1. The most important thing about buying a new bike is to make sure it fits. The only way you'll know if the bike is right for you is to size up the bike and make sure that the bike's geometry matches your body's geometry. Ask questions and do some research.
mtn. biking 101
2. If possible, try to find a shop that will let you demo the bike on real dirt. Five minutes in a parking lot won't cut it. You wouldn't buy a car without a real world test drive, and a bike should be no different.
3. Don't belive the hype. Just because your favorite rider or best friend rides a certain bike, that doesn't mean that's the best one for you. Have an open mind and be realistic about your needs and ability.
Results 1 to 7 of 7
  1. #1
    mtbr member
    Reputation:
    Join Date
    Dec 2012
    Posts
    79

    Another n00b saddle question.

    My saddle is tilted slightly forward, meaning that the front of it slopes slightly down. Should it be completely level?

  2. #2
    mtbr member
    Reputation:
    Join Date
    Dec 2012
    Posts
    470
    I also have this question. Except my saddle is faced a little upward not downward.

  3. #3
    mtbr member
    Reputation: GreenCanoe's Avatar
    Join Date
    Oct 2012
    Posts
    109
    For most people, it is more comfortable for the saddle to be level or tilted nose-up a tiny bit. Saddles are a very personal item, though. Different bone structures require a different saddle angle, width, etc. Since it is one of the three areas where your body comes in contact with the bike you (IMO) might consider throwing away everybody's opinions (ironic...) on what you should have and ride whats the most comfortable. After all, they aren't the ones who have a sore a** after a long ride. The only problem with tilting the saddle forward is you may start sliding off it. But if that isn't happening, then whatever.

    EDIT: Go to your local bike shop and see if they have test saddles too. You may not know what you are missing out on. Get fitted for a seat and see the difference.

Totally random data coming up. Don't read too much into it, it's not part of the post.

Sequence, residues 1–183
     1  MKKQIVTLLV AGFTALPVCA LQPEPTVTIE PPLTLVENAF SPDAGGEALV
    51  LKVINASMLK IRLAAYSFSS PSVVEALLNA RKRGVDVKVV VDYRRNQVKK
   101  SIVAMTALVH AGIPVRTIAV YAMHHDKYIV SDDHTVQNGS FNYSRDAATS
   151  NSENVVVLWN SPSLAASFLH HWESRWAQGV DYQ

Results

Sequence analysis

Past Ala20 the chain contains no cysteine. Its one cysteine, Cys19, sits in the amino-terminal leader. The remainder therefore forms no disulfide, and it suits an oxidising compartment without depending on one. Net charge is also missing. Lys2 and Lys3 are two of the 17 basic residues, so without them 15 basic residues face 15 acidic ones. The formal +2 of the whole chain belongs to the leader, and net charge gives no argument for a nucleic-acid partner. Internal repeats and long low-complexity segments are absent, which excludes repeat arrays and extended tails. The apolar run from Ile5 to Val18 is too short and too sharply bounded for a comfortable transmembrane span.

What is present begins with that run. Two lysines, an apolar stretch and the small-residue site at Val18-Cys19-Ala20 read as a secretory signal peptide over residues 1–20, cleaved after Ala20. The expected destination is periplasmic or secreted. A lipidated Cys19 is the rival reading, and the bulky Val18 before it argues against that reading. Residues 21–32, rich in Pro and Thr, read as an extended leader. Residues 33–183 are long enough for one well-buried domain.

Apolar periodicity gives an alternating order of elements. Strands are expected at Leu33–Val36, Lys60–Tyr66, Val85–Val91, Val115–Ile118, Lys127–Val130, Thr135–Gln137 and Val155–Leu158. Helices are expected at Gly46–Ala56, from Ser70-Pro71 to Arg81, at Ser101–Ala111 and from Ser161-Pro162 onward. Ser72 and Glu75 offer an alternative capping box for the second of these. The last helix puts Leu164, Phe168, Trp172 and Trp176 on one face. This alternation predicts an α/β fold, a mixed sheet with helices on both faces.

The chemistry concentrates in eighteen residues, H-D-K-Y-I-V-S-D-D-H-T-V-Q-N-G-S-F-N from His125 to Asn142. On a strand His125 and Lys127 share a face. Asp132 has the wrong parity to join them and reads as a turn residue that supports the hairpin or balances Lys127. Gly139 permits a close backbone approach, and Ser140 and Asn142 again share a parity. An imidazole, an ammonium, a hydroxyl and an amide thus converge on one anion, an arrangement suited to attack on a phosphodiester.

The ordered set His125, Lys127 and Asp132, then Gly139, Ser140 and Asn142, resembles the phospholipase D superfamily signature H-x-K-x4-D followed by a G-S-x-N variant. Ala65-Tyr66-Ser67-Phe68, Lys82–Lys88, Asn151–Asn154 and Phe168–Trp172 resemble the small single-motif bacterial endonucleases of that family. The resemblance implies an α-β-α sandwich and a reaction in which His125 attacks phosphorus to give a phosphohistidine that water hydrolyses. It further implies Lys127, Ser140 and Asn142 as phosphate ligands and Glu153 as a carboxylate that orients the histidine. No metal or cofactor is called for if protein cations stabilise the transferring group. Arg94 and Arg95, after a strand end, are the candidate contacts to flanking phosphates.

"Faster, Faster until the thrill of speed overcomes the fear of death." - Hunter S. Thompson

  4. #4
    Cow Clicker
    Reputation: wmac's Avatar
    Join Date
    Sep 2010
    Posts
    2,349
    Depends on if you like it that way or not. Some people tilit it slightly up so when they load their forks, it is level. Some point it down so it doesn't catch on their shorts.
    No, YOU don't understand. You're making an ass of yourself for all of eternity.

  5. #5
    cbw
    cbw is offline
    mtbr member
    Reputation:
    Join Date
    Oct 2011
    Posts
    86
    I point my down a smidge for catch free riding

  6. #6
    mtbr member
    Reputation: Piratefly's Avatar
    Join Date
    Oct 2012
    Posts
    91
    As mentioned, it's really what you prefer. Ride it for 30 minutes in one position. Then move it the other way and ride another 30 minutes. It might need some fine tuning but your body will tell you what's better for you.
    Just because you can't hear them scream doesn't mean they don't. Save a plant, eat meat.

  7. #7
    mtbr member
    Reputation: jetboy23's Avatar
    Join Date
    Jun 2011
    Posts
    1,209
    What everyone said. It should be exactly where its comfortable for you to have it. Level is the start point. Get it set forward/rear for your knee about over the pedal spindle. Height for about a 15-20 degree bend at full extension. Ride it seated for 30-45 minutes and if you are putting pressure on your bits or sliding off the front/rear, then, tilt to compensate.

    Some downhillers like it nose up a bit to help getting behind and it levels out on the descent. Some XC riders like it tilted down slightly to level out on the long climbs.

    What works for you will work for you. What works for me would only be coincidence to work for you. Trial and error means more miles turning the pedals. Thats a good thing.

Posting Permissions

  • You may not post new threads
  • You may not post replies
  • You may not post attachments
  • You may not edit your posts
  •